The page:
The common spiny mouse (Acomys cahirinus) is the only known rodent to demonstrate a myriad of physiological processes unseen in their murid relatives. The most recently discovered of these uncharacteristic traits: spontaneous decidual transformation of the uterus in virgin females, preceding menstruation. Menstruation occurring without experimental intervention in rodents has not been documented elsewhere to date, and natural menstruation is indeed rare in the animal kingdom outside of higher order primates. This review briefly summarises the current knowledge of spiny mouse biology and taxonomy, and explores their endocrinology which may aid in our understanding of the evolution of menstruation in this species. We propose that DHEA, synthesised by the spiny mouse (but not other rodents), humans and other menstruating primates, is integral in spontaneous decidualisation and therefore menstruation. We discuss both physiological and behavioural attributes across the menstrual cycle in the spiny mouse analogous to those observed in other menstruating species, including premenstrual syndrome. We further encourage the use of the spiny mouse as a small animal model of menstruation and female reproductive biology.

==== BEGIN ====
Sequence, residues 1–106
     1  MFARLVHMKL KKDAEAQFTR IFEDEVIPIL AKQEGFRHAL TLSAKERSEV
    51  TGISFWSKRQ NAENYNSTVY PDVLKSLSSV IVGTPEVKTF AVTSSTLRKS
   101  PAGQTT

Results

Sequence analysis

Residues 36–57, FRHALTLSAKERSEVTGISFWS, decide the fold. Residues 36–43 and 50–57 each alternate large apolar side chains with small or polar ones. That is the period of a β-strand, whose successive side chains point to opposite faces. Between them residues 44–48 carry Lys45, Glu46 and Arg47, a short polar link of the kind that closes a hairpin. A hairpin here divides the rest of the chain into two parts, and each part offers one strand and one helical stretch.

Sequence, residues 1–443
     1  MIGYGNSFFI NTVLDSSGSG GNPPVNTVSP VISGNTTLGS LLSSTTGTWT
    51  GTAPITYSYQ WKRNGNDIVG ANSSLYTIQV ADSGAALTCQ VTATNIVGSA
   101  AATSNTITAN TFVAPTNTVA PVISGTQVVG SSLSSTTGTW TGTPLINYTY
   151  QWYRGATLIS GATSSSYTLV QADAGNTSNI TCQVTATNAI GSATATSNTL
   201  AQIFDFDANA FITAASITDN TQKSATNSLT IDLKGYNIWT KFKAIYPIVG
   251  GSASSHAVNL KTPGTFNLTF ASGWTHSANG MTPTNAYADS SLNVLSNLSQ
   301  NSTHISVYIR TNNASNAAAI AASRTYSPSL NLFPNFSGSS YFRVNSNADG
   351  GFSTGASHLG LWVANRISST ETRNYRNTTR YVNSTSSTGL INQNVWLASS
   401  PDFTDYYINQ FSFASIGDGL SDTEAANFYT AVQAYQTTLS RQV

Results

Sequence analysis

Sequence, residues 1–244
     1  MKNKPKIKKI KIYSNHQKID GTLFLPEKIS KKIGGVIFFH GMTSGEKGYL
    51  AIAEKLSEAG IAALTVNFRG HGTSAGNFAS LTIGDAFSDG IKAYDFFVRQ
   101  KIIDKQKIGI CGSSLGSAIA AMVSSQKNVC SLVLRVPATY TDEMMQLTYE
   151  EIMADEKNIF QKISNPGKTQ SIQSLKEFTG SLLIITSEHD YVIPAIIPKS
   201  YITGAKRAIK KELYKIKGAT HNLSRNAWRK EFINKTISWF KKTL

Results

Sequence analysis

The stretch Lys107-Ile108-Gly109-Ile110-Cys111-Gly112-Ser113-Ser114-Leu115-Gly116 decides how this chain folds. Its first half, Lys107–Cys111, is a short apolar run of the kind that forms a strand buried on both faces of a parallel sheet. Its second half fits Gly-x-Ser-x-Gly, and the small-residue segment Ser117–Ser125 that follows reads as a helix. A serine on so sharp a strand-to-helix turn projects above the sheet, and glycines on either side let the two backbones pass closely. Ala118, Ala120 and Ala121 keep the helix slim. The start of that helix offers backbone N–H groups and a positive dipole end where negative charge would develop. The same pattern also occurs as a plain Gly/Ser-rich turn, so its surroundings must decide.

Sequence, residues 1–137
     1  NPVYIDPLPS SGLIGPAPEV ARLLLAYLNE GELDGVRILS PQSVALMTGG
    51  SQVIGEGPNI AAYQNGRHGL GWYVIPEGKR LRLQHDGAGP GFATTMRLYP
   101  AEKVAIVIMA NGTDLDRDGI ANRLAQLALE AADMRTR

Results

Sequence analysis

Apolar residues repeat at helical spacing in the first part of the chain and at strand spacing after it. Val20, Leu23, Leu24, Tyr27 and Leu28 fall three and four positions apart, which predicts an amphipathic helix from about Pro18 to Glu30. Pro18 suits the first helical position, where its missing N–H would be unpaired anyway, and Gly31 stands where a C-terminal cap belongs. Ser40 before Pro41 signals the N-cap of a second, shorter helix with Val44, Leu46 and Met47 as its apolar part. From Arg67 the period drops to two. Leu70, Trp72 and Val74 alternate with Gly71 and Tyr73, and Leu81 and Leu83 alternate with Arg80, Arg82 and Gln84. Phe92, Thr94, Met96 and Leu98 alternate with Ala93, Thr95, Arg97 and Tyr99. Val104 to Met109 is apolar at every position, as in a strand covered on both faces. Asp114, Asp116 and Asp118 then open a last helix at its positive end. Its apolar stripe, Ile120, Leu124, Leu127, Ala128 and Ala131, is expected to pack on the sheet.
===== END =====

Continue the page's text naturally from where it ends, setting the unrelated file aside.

- Novel model